Fruitful As A Whole? Part I.

In the 1981 CTCR report entitled 'Human Sexuality: A Theological Perspective' there has always been a line of reasoning that has not set well with me.

On pg. 19 we read: "In view of the Biblical command and the blessing to 'be fruitful and multiply,' it is to be expected that marriage will not ordinarily be voluntarily childless. But, in the absence of Scriptural prohibition, there need be no objection to contraception within a marital union which is, as a whole, fruitful."

Two things bother me here: First, it is implied here that Scripture's lack of prohibition on a topic is equivalent to license. While it is true that we dare not add to scripture, does not scripture inform us as members of the Body of Christ how to navigate in the midst of any number of topics that the Word is not explicit about? (Of course, even that is working with their assumption that Scripture is silent on the matter - something our older brothers and fathers in the faith who were not as wise in the wisdom of the world would have scoffed at.)

Second, and more disturbing to me is the culmination which refers to marriages being O.K. which are "as a whole, fruitful." Is this really a helpful way to talk about this? I would suggest not. Wouldn't it be alarming to arrive at a church in Timesgoneby where the door-to-missions was closed because the Great Mission Fest of '87 had seen the Word of the Lord bring a family of four to the Faith. Say what you will, but the Bride of Christ Timesgoneby was "as a whole, fruitful."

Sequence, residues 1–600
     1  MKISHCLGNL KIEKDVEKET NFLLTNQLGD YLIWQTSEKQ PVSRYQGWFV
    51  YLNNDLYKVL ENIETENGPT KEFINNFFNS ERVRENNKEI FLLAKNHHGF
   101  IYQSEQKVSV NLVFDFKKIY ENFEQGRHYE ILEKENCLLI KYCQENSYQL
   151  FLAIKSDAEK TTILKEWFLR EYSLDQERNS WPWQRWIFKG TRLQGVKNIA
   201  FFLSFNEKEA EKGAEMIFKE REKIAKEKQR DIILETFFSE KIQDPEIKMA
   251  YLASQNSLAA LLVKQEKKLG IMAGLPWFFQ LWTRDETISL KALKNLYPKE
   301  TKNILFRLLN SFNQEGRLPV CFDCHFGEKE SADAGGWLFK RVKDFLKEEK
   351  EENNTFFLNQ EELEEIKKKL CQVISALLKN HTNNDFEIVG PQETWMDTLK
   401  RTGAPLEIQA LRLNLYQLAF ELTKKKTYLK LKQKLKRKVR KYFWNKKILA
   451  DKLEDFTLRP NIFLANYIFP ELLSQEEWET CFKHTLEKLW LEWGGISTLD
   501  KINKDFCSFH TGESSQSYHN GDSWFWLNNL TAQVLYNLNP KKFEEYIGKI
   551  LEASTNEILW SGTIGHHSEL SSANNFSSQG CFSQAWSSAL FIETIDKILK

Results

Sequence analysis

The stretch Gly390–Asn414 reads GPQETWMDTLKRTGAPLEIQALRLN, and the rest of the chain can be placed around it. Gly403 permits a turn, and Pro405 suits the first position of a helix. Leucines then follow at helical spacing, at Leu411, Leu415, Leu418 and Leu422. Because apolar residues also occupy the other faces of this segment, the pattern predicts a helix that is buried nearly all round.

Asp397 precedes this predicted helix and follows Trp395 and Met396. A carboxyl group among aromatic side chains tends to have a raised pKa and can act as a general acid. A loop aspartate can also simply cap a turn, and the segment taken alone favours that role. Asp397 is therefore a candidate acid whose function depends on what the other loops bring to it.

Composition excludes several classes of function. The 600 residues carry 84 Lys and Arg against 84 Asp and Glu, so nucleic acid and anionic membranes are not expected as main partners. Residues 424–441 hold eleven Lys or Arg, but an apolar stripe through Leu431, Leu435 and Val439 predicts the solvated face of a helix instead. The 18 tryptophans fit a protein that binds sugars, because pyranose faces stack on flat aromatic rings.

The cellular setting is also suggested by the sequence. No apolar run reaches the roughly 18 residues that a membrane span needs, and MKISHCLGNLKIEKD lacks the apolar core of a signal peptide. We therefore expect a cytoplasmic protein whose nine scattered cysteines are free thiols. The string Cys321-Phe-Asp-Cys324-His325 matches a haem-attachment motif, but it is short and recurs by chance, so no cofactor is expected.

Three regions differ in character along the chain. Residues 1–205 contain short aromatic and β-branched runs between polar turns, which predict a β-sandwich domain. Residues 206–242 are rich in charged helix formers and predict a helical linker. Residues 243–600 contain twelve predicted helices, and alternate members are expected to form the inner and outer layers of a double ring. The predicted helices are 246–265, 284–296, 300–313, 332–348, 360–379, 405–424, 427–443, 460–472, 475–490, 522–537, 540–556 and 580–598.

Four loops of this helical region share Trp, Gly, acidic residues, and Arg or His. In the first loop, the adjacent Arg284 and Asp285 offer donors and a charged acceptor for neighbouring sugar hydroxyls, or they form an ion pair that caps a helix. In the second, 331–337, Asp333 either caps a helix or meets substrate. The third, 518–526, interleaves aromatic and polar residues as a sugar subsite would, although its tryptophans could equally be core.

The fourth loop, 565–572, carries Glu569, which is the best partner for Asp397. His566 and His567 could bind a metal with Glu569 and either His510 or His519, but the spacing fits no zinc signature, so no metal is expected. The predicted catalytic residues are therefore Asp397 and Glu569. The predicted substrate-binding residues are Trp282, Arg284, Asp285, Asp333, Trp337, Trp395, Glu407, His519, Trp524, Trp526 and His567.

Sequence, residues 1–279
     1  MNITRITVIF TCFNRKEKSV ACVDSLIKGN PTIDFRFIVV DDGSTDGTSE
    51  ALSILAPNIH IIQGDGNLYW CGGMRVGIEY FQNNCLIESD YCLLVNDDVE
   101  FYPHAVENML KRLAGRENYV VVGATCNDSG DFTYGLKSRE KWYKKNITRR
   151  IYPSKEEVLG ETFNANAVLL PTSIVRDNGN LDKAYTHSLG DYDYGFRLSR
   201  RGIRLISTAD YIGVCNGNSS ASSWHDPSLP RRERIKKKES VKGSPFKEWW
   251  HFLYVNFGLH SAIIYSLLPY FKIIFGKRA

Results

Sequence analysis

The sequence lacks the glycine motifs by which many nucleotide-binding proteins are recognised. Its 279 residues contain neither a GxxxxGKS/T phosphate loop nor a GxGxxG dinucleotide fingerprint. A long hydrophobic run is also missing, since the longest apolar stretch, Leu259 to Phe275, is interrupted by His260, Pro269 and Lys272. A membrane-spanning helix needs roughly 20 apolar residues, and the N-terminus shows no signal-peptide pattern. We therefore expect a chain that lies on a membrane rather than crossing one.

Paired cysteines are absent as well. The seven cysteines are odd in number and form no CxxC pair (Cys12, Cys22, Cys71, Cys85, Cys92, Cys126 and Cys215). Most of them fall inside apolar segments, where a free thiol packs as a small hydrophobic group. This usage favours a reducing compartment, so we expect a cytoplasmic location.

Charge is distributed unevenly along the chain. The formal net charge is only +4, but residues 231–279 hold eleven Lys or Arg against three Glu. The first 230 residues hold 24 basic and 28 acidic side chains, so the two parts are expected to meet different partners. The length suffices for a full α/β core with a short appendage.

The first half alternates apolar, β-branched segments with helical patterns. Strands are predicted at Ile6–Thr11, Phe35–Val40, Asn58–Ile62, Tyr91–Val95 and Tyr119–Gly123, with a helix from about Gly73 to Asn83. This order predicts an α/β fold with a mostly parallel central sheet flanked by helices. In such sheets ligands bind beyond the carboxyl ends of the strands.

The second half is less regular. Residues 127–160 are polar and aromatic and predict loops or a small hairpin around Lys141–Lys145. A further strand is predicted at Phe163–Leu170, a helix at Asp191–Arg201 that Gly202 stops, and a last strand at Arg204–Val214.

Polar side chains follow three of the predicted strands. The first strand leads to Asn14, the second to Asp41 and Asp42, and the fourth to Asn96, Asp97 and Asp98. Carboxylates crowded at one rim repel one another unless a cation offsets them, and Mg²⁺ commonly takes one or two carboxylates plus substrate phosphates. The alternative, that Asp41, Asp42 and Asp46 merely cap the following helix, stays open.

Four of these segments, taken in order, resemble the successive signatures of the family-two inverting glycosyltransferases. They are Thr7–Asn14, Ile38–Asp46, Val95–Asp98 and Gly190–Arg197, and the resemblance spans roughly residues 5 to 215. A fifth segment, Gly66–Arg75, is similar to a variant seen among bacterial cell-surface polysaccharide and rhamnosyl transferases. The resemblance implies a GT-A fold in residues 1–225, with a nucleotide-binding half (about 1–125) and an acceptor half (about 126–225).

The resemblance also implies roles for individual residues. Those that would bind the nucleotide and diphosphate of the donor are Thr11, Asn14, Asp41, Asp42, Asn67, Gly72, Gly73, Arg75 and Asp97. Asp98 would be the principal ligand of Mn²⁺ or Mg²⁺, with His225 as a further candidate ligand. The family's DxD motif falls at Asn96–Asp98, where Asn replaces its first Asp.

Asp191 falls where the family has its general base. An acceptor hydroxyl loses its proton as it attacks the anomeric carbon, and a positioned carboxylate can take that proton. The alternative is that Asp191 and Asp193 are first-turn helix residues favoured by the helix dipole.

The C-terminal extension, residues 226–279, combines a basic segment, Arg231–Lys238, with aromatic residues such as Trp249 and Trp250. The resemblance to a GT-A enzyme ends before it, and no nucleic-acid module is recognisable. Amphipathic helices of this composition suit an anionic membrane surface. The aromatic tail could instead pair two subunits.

Yet, when it comes to that other Bride and Groom - the Sons of Adam and the daughter's of Eve - whose marriage gives witness to the Lord Jesus the Christ - do we really do well to qualify the Lord's command/promise to be fruitful and multiply with "as a whole"? Again, I would suggest not.

In an effort to guard against taking a strong, historic, orthodox church (which they feared to be legalism?), they have entered into a whole new legalism - splitting hairs, qualifying the Lord's command/promise, and demonstrating to the Lord their faithfulness to his command by quantifying for Him their fruit.

Human Sexuality: A Theological Perspective - CTCR 1981